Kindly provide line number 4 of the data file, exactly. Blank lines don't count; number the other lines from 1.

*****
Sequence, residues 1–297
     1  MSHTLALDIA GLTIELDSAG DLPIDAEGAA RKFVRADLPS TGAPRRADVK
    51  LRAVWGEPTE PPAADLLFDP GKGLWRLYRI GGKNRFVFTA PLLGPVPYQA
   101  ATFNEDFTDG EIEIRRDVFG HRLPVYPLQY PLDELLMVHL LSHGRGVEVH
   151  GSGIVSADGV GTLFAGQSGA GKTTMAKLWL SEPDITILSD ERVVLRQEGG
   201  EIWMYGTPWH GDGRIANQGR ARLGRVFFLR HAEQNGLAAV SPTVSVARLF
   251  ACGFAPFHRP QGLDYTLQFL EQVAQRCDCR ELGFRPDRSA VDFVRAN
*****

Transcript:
   101  ATFNEDFTDG EIEIRRDVFG HRLPVYPLQY PLDELLMVHL LSHGRGVEVH